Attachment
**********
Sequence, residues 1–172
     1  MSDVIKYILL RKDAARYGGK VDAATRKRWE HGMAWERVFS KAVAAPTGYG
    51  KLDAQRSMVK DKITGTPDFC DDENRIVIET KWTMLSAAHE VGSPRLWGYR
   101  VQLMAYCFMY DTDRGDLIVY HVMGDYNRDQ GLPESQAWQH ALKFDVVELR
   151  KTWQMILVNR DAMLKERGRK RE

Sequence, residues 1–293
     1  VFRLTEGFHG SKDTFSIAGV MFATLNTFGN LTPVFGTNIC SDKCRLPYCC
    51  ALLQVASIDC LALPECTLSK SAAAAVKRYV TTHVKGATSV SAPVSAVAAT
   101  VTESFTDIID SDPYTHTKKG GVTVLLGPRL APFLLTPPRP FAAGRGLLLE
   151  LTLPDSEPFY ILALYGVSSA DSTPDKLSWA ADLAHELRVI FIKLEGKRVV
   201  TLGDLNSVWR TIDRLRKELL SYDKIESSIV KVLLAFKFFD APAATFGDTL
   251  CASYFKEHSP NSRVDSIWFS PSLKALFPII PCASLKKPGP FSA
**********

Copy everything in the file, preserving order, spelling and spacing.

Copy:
Sequence, residues 1–172
     1  MSDVIKYILL RKDAARYGGK VDAATRKRWE HGMAWERVFS KAVAAPTGYG
    51  KLDAQRSMVK DKITGTPDFC DDENRIVIET KWTMLSAAHE VGSPRLWGYR
   101  VQLMAYCFMY DTDRGDLIVY HVMGDYNRDQ GLPESQAWQH ALKFDVVELR
   151  KTWQMILVNR DAMLKERGRK RE

Sequence, residues 1–293
     1  VFRLTEGFHG SKDTFSIAGV MFATLNTFGN LTPVFGTNIC SDKCRLPYCC
    51  ALLQVASIDC LALPECTLSK SAAAAVKRYV TTHVKGATSV SAPVSAVAAT
   101  VTESFTDIID SDPYTHTKKG GVTVLLGPRL APFLLTPPRP FAAGRGLLLE
   151  LTLPDSEPFY ILALYGVSSA DSTPDKLSWA ADLAHELRVI FIKLEGKRVV
   201  TLGDLNSVWR TIDRLRKELL SYDKIESSIV KVLLAFKFFD APAATFGDTL
   251  CASYFKEHSP NSRVDSIWFS PSLKALFPII PCASLKKPGP FSA